And so to you, fellow traveler and comrade in photography, I say congratulations on the new lens, and I also think we both know that having made your purchase there is only one logical step and that is to take the new toy on the road.
You’ll want to pack a second lens beyond the one you just acquired, because you never know when you’ll
want need the full reach and ability of your go-to bazooka zoom, nor do you know when you’d rather spend a day carrying something lighter than that go-to bazooka zoom, nor do you know exactly where you’re headed and if or when it may behoove you to carry something more discrete or, alternately, something more easily tucked out of sight.
It will also be in your best interest to purchase some kind of rain sleeve or other protection from the elements for your camera body, as the weather down here can get quite nasty, especially should you find yourself taking the absolute longest way back to your hotel some Sunday afternoon, as the city will be more or less closed down for the day (which you did not know would be the case) and you will in turn have little choice but to trudge back, spirits crushed, wind in your face and water in your shoes.
In the event of fog collecting inside the lens barrel following prolonged exposure to such conditions, try extending the front element and letting the lens sit unused for roughly 24 hours back in your hotel room.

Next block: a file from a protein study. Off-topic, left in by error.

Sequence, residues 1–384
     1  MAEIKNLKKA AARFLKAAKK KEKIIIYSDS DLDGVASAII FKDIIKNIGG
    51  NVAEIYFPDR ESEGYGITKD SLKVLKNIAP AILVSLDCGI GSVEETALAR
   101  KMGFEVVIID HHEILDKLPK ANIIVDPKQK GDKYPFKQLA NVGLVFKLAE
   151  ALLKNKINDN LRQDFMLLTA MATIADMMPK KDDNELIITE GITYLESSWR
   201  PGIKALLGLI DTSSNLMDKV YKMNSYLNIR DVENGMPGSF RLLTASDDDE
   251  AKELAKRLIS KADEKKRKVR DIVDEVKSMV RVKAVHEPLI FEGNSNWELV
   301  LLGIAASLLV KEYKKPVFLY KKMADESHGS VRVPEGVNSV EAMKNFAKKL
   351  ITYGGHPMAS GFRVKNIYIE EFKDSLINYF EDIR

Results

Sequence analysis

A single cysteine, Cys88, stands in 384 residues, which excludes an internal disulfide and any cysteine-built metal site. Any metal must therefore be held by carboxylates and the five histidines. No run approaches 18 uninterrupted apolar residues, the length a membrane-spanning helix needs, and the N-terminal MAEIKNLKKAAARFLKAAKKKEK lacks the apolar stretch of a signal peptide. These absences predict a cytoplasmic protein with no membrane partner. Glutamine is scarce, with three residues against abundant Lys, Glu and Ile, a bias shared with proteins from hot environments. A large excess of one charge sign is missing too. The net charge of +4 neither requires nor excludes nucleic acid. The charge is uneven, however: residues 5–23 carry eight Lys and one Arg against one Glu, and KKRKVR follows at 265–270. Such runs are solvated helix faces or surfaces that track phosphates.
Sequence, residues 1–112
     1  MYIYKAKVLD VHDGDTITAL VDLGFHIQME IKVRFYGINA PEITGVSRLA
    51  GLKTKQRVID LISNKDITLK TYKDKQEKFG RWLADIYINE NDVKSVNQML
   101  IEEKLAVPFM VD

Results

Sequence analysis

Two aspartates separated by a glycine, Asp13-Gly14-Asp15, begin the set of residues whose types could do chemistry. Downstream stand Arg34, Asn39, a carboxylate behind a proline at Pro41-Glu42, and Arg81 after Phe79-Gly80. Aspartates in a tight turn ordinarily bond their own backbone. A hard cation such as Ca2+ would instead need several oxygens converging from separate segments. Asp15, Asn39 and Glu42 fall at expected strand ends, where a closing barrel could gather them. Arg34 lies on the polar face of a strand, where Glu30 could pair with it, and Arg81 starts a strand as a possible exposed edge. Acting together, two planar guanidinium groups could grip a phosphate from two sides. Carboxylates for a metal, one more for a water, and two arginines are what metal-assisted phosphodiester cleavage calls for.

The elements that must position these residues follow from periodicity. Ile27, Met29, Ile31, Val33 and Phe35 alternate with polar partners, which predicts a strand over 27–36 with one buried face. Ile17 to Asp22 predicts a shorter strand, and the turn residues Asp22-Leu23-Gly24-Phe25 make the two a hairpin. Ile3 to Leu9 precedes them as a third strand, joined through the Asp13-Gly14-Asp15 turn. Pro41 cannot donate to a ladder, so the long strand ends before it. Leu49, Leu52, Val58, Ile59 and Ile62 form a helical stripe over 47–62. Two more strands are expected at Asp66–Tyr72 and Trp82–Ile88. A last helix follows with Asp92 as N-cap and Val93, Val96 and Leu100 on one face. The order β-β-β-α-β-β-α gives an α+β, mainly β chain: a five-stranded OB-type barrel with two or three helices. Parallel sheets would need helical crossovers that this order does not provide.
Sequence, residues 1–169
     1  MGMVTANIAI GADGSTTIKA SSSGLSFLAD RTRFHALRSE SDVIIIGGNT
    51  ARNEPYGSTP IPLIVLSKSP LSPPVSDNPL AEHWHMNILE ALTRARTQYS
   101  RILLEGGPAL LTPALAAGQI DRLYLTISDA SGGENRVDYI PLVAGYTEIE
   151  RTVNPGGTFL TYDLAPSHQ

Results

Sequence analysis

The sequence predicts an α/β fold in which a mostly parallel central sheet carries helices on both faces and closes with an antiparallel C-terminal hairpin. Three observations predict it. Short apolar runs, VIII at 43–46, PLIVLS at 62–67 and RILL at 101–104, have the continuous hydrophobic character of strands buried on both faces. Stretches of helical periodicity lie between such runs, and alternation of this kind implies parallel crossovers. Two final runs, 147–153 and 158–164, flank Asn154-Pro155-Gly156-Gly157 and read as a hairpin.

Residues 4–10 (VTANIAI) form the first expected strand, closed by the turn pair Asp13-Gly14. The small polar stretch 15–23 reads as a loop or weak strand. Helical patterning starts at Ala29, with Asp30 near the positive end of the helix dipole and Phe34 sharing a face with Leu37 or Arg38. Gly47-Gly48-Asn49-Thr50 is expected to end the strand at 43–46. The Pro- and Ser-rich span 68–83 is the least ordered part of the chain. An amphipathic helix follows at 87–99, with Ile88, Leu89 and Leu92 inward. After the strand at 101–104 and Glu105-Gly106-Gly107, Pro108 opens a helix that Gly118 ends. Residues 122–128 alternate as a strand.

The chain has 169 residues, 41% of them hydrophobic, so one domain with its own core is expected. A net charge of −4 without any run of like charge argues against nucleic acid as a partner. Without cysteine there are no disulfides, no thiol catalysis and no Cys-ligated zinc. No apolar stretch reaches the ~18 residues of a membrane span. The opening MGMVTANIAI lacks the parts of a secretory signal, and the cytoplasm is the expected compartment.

Like many digital camera bodies, Canon Rebels are somewhat famous for a shutter prone to sticking problems – in this case, usually around 10,000 clicks but only tripping an error code at (and above) certain speeds. If you’re really in a jam, you can use some trial-and-error to determine what interval is throwing it; from there, you can remove the memory card, set the camera to the next-fastest setting, and run off about 100 shots. If this does not work, devise a backup plan fast. Your iPhone, for example.
As you take the iPhone out shooting, it goes without saying but bears repeating all the same: edit, don’t filter. Rather than blanket your shots with fake textures and forced artifacts after the fact, worry about using more elemental tools to make your images look the way you want them to look. Contrast and saturation will go a lot farther for you than bogus retro looks and phony simulations of hardware you have never owned or operated. Worry instead about composition. Worry about staying out of the rain. Worry about how you are going to eventually dry your shoes. Worry about what you will do in the unlikely event Ciudad Viejo is as terrifying as the folks on the travel forums would have you believe. Your phone is likely stuck in airplane mode right now and, seeing as you don’t know anyone here, you will just as likely have plenty of time at the hotel later to tend to your (hopefully) finely-shot photos rather than selling your work and yourself short by insta-filtering as you go.
After a while, you may lament that fixed, ultra-ultrawide focal length but keep in mind it’s firing at a permanent f/2.8; you’ve heard the expression “Zoom with your feet,” and now is your chance to get in the habit of doing just that. Limitations can often be the best of teachers.
That said, you are absolutely right: it can’t capture everything exactly the way you want to. But then again, nothing can.